Long Island Motor Parkway, NY Vanderbilt Race Casualties, Oct 1910


Long Island Motor Parkway, New York, Oct. 1. - With dead and wounded marking nearly every mile of the course, the sixth Vanderbilt Cup race closed today with Harry Grant, driving a 120-horsepower Alco, a winner by the narrow margin of 25 seconds.
Joe Dawson, driving a Mannon, was second, 1 minute and 6 seconds ahead of John Aitken, in a National.
By his victory today Grant repeats his exploit of last year when he captured the cup in a car of the same make.
The winner's time for the 278.08 miles of the course was 4 hours 15 minutes and 58 seconds, or an average of 65 1/5 miles an hour, a new American record. The race was marked by fatalities second only to the Paris-Madrid race.

The Dead.
WILLIAM BACON, mechanician, Columbia car.
CHARLES MILLER, mechanician, of Chevrolet's car.
Fatally Injured.
HAROLD HALL, mechanician, body crushed.
HAROLD STONE, driver Columbia car, badly crushed.
MARTIN LEVISOHN, spectator, both legs and body crushed.
JOSEPH COOK, spectator, skull fractured.
THOMAS MILLER, spectator, legs ground off.
M. POTTER, spectator, ribs broken.
AUGUST GRAMUTTIN, chauffeur, spectator, internally injured.
WILLIAM PETERSON, spectator, face crushed in, skull fractured.
The Injured.
LOUIS CHREVOLET, driver Marquette Buick, bruises.
MRS. POTTER, spectator, internally hurt.
AUGUST SEEBACK, spectator, cuts and bruises.
EDWARD H. BROWN, spectator, hip dislocated.
CARNELL ROE, spectator, leg broken.
Five women in car struck by CHEVROLET, injuries unknown.
Five passengers in D'ZIUEVA automobile, injuries unknown.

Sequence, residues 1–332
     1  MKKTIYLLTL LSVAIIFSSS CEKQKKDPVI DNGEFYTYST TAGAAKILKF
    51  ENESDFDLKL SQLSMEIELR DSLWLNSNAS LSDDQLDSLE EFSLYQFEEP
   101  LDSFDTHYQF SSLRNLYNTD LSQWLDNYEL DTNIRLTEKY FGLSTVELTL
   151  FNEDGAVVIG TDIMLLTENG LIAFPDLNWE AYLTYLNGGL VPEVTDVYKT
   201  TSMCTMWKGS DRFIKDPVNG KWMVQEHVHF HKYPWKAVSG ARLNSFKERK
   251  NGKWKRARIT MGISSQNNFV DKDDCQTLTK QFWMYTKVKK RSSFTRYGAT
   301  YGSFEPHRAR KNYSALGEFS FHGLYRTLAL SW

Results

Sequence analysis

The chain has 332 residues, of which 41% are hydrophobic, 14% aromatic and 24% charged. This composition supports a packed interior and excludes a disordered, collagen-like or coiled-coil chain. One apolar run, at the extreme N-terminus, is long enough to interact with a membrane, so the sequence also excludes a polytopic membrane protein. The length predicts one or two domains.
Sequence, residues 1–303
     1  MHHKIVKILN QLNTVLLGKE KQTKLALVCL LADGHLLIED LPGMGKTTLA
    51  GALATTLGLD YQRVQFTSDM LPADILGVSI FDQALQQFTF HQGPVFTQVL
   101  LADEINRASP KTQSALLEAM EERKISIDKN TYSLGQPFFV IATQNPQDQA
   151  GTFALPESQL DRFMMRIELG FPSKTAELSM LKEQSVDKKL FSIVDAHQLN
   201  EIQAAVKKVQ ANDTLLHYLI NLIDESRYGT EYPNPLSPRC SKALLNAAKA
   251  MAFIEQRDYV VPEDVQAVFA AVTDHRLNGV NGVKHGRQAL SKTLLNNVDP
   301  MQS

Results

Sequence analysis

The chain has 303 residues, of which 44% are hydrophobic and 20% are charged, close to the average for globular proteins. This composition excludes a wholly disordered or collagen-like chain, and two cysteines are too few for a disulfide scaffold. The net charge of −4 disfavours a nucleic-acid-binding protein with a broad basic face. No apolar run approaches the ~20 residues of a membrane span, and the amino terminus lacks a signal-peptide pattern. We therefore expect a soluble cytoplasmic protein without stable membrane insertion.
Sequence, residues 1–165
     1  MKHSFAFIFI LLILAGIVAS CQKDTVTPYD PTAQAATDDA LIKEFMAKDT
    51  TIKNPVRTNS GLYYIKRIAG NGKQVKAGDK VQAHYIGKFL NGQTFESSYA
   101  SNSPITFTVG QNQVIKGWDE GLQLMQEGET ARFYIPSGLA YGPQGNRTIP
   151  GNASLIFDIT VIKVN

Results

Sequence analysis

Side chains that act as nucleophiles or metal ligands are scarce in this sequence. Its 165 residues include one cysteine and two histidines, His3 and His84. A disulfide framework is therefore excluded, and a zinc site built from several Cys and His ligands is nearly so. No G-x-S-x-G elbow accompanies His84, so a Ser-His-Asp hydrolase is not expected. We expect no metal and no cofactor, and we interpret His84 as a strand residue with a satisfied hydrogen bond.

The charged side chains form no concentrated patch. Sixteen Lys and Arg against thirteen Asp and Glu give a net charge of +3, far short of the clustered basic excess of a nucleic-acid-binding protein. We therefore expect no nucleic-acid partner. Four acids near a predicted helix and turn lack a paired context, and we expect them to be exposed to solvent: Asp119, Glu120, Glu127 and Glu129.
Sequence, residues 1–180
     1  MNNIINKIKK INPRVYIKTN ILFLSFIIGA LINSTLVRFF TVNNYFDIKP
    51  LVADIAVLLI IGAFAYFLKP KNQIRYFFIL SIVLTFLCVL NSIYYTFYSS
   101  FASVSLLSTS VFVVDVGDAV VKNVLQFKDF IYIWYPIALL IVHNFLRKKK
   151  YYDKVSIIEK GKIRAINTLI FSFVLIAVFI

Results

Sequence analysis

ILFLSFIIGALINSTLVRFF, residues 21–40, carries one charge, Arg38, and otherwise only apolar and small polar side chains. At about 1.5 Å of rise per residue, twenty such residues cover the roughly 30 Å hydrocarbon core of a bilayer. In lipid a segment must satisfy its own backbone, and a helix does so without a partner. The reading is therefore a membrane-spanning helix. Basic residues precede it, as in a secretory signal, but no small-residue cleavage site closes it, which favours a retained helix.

Stone Fatally Injured.
HAROLD STONE of Los Angeles, driver of a Columbia, suffered probably fatal injuries in a crash soon after the start. Both legs are broken and he is injured internally. At the hospital it was said his recovery is doubtful. CHAS. MILLER, mechanician of the Marquette-Buick car, driven by LOUIS CHEVROLET, was instantly killed in a collision with a touring car along the route. FERDINAND D'ZUBLA, New York manager for the Pope-Hartford Company, was killed in a smash-up, while on his way down to the race. The number of accidents, short of fatalities, ran to scores.

Thrilling Sport.
From a sporting point of view the race was thrilling. There is no doubt it will go down in the annals of automobiling as the most hotly-contested long-distance event ever held over open-country roads.
Judged by its cost in killed and maimed, however, the race was a revolting spectacle and a severe arraignment of the manner in which it was conducted.

Spectator's Legs Cut Off.
One of the racers ran down and fatally injured a spectator in the Massapequa Road. The spectator was hurled under the car and both legs were severed and his body mutilated. He was rushed to Nassau Hospital.
The car is said to have been a Pope-Hartford driven by Fleming.
Thousands saw the thirty-one racers entered for the Vanderbilt Cup race state at daybreak today. Rain threatened to interfere with the race, but at 5:45 the drivers were sent away before a tremendous crowd.

Half Million At Roadside.
It was estimated that half a million spectators lined the course.
Thousands of automobiles and scores of special trains carried the enthusiasts to Long Island. Thirty-one entrants in the Vanderbilt Cup event arrived at the starting point before 5:15 o'clock.
Livingston in a National was the first to leave the mark. Mulford, driving a Lozier, followed. Chevrolet in his anxiety to get away "killed" his motor and was forced to recrank, losing a few precious seconds.

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